Afghan troops assume security control as Nato begins to withdraw
Afghanistan's troops have officially assumed full control of their country's security, as Nato forces begin to wrap up their handover assignment which began in 2011 with the province of Bamiyan.
Nato begins withdrawal
Bayiman, as one of Afghanistan's most secure provinces, was the first area to be given to Afghan security forces for full control, back in July, 2011. This was the first vital step in Nato's plans for complete withdrawal from the country by 2014.
Today that plan is closer to fruition than ever before, as the International Security Assistance Force (ISAF), led by Nato, formally transferred full responsibility of the nation's security to Afghan forces, in handing over the control of its last 95 districts.
There are still, however, a few rogue districts which remain to be controlled by authorities. These include 13 areas in Kandahar (birthplace of the Taliban) as well as various zones on the border with Pakistan – Nangarhar, Khost and Paktika – which are held under the bitter anarchy of Taliban millitants.
a proud ceremony
The completion of the handover was announced by President Hamid Karzai, at a ceremony marked as the beginning of ISAF's full departure from Afganhistan.
The proud leader commended on the bravery of the Afghan soldiers, remembering particularly the men who had died in action, making "the ultimate sacrifice to defend their country and their people." He remarked "this has been one of my greatest desires and pursuits…and I am glad that I, as an Afghan citizen and an Afghan president, have reached this objective today."
Janan Mosazai, Spokesman for Afghanistan's foreign affairs ministry, shared in the president's elation, “this is a great day for us, not only for the Afghan government but also for the Afghan nation,” he exclaimed “it is a big day of honor."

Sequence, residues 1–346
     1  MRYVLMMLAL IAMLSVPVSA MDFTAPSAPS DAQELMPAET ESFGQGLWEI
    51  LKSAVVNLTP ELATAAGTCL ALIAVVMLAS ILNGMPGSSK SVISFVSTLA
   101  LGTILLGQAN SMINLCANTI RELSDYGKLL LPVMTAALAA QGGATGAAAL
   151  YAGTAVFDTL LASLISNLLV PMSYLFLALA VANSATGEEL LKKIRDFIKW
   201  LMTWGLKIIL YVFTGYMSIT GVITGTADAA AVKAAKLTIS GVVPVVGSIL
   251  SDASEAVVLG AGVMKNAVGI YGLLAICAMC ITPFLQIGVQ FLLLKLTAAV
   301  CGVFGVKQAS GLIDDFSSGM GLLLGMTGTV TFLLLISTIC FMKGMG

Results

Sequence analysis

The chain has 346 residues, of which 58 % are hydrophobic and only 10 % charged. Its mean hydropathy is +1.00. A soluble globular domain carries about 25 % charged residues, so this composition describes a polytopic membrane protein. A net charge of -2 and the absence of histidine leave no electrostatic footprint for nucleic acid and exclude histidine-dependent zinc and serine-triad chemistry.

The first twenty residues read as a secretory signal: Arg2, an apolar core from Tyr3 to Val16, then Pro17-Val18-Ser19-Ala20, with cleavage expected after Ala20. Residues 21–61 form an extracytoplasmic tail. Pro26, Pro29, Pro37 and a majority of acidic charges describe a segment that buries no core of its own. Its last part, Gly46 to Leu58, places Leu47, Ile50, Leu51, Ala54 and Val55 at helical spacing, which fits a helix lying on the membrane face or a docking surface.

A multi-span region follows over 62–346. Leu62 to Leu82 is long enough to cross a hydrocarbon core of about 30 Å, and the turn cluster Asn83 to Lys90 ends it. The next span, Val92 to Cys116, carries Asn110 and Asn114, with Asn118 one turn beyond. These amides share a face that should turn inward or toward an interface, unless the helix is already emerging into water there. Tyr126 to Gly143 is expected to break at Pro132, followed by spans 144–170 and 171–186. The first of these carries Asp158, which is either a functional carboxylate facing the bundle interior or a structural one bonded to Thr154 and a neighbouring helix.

ISAF will not be completely reduntant until their time of departure next year. Nato chief Anders Fogh Rasmussen stated "we will continue to help Afghan troops in operations if needed, but we will no longer plan, execute or lead those operations, and by the end of 2014 our combat mission will be completed."
Furthermore, both humanitarian aid and international funding will continue to suport Afghanistan after the international troops have left.
As it stands, ISAF have close to 97,000 soldiers operating in Afghanistan, around 68,000 of which come from the US. Afghan troops currently amount to about 350,000, which has increased by a considerable amount over the past six years (by some 310,000). ISAF's goal is to have all of the international combat soldiers replaced by Afghan forces by the end of 2014, with only a small contincency remaining for the purposes of training. However this still has to receive final approval from Afghan government officials.
There is still much to be done over the next year, and Rasmaussen himself made reference to the "hard work" that still lies ahead for ISAF troops. However today's ceremony signified the sucessful move into the final phase of preparation before Afghanistan receives its independence.
Taliban strikes back
The ceremony did not pass without a shadow of terror however. The occasion, received joyfully by many, was marked by the vehement inteference of Taliban rebels. Just 90 minutes before the ceremony began, a suicide bomber made an attack in west Kabul, taking the lives of three employees from the Afghanistan Independent Human Rights Commision, as well as injuring 30 others.
It is believed that the bomber was targeting Haji Mohammad Mohaqeq, a prominent politician from Hazara, who managed to escape with some minor injuries.
The bomb occured just a week after two massive attacks made by Taliban militants; one on an airport on the 10th of June, and another suicide attack at a supreme court on the 11th of June.
In a further bid towards peace throughout the land, President Karzai announced that he is organizing a team to be sent to Doha, the capital of Qatari, where efforts will be made to enter into peace talks with the Taliban. His aim is to decrease the amount of factious attacks made by the Taliban on a regular basis.
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